A landmark journey along the full length of the old Iron Curtain - from the Arctic Circle to Turkey's eastern border - tracing the history of the Cold War and meeting the people who live with its legacy. The Iron Curtain divided the continent of Europe, north to south, with the Berlin Wall as its most visible, infamous manifestation. Since the Cold War ended and these borders came down, Europe has transformed itself.
New generations have grown up, freed from the tensions and restrictions of the past. But what do the Curtain and the Wall mean today? What has happened to the people and places they divided? What have they left in their wake?In a major new book, Timothy Phillips travels the route of the Iron Curtain from deep inside the Arctic Circle to the meeting point of Armenia, Azerbaijan and Turkey. He explores the borderlands where the clash of civilisations was at its most intense between 1945 and 1989, and where the world's most powerful ideologies became tangible in reinforced concrete and barbed wire.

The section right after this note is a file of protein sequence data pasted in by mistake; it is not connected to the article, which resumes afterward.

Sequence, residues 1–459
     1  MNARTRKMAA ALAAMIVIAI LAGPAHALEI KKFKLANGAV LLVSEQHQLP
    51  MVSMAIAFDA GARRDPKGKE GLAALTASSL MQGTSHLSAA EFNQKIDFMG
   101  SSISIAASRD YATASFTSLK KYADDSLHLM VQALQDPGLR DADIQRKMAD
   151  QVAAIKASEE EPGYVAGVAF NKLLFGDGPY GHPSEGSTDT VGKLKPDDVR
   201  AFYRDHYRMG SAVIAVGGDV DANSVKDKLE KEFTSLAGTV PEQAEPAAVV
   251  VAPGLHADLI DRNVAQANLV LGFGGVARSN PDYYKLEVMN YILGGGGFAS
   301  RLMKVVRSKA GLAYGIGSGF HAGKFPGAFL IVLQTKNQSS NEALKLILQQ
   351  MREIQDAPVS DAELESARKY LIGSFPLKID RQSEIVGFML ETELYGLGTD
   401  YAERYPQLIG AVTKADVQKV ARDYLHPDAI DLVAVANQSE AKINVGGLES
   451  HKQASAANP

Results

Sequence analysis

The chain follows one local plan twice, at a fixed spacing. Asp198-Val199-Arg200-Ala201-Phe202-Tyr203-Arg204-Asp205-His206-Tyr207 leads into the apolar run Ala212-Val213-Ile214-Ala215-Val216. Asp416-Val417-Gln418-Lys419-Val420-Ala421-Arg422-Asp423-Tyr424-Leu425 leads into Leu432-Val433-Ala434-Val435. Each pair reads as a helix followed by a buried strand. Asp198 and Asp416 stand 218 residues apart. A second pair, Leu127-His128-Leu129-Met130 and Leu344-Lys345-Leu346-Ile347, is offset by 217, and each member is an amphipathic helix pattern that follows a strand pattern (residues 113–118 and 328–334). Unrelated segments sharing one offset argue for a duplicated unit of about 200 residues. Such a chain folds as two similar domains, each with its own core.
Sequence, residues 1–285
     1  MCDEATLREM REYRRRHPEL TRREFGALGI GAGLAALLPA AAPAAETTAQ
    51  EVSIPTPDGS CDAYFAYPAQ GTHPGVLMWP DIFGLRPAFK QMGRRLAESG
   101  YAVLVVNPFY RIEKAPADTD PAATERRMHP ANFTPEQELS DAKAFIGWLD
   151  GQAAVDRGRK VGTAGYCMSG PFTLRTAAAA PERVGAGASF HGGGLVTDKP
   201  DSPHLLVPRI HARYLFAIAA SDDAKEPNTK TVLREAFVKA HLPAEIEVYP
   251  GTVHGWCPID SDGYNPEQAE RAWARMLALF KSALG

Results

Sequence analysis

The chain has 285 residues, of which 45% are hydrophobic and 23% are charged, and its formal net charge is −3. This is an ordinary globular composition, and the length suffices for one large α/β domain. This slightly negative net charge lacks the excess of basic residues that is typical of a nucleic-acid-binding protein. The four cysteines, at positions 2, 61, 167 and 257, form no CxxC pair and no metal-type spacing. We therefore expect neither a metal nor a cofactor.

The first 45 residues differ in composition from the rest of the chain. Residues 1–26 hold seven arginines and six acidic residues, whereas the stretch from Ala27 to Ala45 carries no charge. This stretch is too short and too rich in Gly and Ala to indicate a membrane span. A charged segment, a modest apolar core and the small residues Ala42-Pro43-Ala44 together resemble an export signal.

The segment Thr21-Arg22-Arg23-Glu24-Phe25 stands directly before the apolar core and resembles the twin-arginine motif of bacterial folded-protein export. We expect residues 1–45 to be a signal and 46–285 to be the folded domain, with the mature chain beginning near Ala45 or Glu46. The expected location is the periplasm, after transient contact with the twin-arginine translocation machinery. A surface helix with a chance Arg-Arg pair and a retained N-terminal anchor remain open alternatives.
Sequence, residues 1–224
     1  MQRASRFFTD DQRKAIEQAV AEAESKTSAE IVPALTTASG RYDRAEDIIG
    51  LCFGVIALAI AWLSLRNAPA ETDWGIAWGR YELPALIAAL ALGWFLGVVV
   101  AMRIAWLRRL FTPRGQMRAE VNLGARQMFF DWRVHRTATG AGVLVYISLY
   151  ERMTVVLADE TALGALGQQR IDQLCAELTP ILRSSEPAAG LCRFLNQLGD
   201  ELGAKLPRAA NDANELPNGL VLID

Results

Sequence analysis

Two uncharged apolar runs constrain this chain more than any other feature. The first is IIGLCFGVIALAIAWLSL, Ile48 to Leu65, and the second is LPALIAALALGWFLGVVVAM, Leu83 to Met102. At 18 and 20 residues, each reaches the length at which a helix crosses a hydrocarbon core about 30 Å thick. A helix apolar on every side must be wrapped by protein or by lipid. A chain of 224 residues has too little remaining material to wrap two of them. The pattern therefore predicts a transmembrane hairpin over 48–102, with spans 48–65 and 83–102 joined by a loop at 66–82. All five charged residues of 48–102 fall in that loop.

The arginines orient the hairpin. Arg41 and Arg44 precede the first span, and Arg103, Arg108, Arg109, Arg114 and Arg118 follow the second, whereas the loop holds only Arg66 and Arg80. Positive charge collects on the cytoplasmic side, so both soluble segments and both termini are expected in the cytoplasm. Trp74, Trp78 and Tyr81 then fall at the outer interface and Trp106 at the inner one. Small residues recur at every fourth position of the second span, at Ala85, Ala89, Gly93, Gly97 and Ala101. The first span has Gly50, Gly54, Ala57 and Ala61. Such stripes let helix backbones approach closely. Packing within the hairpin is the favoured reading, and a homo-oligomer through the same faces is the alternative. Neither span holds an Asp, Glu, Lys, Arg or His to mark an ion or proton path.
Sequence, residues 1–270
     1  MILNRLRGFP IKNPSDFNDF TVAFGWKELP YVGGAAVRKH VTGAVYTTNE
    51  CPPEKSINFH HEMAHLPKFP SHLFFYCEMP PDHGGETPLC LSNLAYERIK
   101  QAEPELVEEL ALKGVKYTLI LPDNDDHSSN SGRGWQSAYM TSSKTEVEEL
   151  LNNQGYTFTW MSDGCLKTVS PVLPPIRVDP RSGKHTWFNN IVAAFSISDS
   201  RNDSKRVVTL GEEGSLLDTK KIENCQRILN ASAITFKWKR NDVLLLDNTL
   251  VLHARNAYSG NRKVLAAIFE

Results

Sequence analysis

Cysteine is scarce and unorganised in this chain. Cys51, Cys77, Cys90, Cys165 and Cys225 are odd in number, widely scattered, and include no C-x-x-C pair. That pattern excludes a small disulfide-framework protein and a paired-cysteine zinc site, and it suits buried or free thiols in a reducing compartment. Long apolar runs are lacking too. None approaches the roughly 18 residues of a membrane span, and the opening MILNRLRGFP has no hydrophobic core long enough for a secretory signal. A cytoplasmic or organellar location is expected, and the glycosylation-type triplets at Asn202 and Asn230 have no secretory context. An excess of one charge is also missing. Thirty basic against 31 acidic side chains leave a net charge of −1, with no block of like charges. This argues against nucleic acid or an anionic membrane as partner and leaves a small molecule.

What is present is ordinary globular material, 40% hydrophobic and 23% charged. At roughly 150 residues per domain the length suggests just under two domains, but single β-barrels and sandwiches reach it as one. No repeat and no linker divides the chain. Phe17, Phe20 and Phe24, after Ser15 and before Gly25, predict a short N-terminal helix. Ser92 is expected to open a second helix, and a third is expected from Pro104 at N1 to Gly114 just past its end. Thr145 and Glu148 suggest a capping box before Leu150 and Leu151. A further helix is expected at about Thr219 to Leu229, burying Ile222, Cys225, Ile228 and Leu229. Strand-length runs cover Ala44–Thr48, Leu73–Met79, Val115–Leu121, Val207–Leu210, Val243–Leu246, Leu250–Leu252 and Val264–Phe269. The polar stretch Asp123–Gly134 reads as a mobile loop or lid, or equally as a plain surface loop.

He looks at the new Europe that emerged from the ruins. The people he meets bear vivid witness to times of change. There are those who look back on the Cold War with nostalgia and affection.
Others despise it, unable to forgive the hard and sometimes lost decades that their families, friends and nations endured. These old fault lines have much to tell us about Europe now and about our societies' current disputes - over borders, and about belonging and the meaning of progress. The Curtain and the Wall transports the reader across 5,000 kilometres of Europe and through eight decades to show how one of the defining stories of the 20th century continues to shape our world today.